Right now I’m looking at the inside of John F Kennedy’s head, blood and brains have cascaded out, his ears are full of congealed blood. This isn’t how I usually start a clear summer’s day I hasten to assure you.
But the announcement there is new film of that final and fatal last ride -- albeit film shot about 90 seconds before the bullets exploded JFK’s head and tore through his body -- had me pulling out some magazines I bought when I was in Dallas a couple of years ago and went to the site of his murder. As you do.
The magazine I am looking at was the “40th anniversary memorial edition” of “JFK, The Case For Conspiracy” by Robert J Groden who is described as the photographic consultant to the House Select Committee on Assassinations, and a technical advisor to Oliver Stone’s movie JFK.
It is quite some glossy, I can tell you: pages of fuzzy photos of the motorcade, a window in the Texas Book Depository building circled, route maps, black’n’white pix of people running, photos of the room from which Lee Harvey Oswald is alleged to have shot from, and of course diagrams of bullet trajectories, Oswald getting his from Jack Ruby, stills from the Zapruder film and . . .
You can guess the rest. Although page after page of Kennedy’s exploded head on a slab might come as a surprise.
I’m not a conspiracy theorist, but there are ample questions raised (and unanswered maybe after 40 years) that I was vaguely curious when I saw those new images of JFK and how his jacket was bunched up at the back: such detail is crucial to CT people.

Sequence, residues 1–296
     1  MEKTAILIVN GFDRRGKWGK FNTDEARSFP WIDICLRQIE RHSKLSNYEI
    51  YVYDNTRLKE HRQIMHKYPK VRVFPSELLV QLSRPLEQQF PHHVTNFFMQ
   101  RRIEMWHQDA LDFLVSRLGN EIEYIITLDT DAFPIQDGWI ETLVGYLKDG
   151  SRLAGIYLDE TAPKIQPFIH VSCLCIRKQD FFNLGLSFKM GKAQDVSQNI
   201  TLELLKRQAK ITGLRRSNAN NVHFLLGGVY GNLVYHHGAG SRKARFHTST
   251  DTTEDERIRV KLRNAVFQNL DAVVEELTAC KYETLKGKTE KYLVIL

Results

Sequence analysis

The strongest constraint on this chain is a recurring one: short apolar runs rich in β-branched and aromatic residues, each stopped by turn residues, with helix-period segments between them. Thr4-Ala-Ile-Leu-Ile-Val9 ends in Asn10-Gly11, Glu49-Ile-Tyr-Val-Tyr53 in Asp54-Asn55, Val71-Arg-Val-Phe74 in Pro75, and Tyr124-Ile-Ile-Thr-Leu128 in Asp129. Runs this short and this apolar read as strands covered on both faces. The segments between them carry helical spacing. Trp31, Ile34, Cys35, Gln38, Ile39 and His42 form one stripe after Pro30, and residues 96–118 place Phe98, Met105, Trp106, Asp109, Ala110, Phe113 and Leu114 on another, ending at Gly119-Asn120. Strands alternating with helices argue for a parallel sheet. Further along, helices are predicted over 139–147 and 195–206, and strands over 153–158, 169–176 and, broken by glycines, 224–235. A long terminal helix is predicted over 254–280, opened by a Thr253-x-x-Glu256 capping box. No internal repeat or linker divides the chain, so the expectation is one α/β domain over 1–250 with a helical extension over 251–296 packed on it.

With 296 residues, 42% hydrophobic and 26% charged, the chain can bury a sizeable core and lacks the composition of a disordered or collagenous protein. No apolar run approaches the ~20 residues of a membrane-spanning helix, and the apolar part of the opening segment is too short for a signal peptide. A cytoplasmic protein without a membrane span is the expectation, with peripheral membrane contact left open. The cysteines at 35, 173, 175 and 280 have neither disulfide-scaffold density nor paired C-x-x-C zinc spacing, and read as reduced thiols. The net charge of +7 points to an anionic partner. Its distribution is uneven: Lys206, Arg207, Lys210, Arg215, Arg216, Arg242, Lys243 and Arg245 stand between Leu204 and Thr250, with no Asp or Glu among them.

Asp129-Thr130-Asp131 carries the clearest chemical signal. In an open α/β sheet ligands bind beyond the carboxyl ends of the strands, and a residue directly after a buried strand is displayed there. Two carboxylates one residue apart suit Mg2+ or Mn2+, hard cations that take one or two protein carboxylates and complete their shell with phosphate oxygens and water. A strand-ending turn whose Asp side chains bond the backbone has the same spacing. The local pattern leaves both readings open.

I have another magazine that I bought while Megan went off to loll on the "grassy knoll" : it is much the same but also reproduces the front page of the Fort Worth Press the day after the killing (home edition five cents!), and also a “Wanted for Treason” flier about Kennedy which had been pasted on telegraph poles along the motorcade route. Weirdness abounds.
Frankly I don’t know who did Kennedy in and, like many people at this great remove of time, do I much care anymore. But it is interesting that all these decades later new film should get the theorists and chatrooms buzzing again. Will Anna Nicole enjoy the same enduring interest?
That said, I offer here a piece that I wrote for the Herald -- for the Travel section no less -- about my day in Dallas.
It was better than JFK’s I have to say.
……. A simple wrong turn and the pressure of traffic forced us to carry on down the road, looking for an exit. But then, through a set of traffic lights, we were there.
“This it,” I shouted. “Look, this is it.”
I drove on as slowly as the urgent traffic would allow but we looked around at the slow dip and curve of the road, so recognisable from that famous piece of footage we have been seeing for fortysomething years.
This was the place. So I hooked a left, circled around for a couple of blocks and cautiously made our way back. We pulled over and got out of the car. There it was, the Texas School Book Depository, the famous “grassy knoll”, Dealey Plaza . . .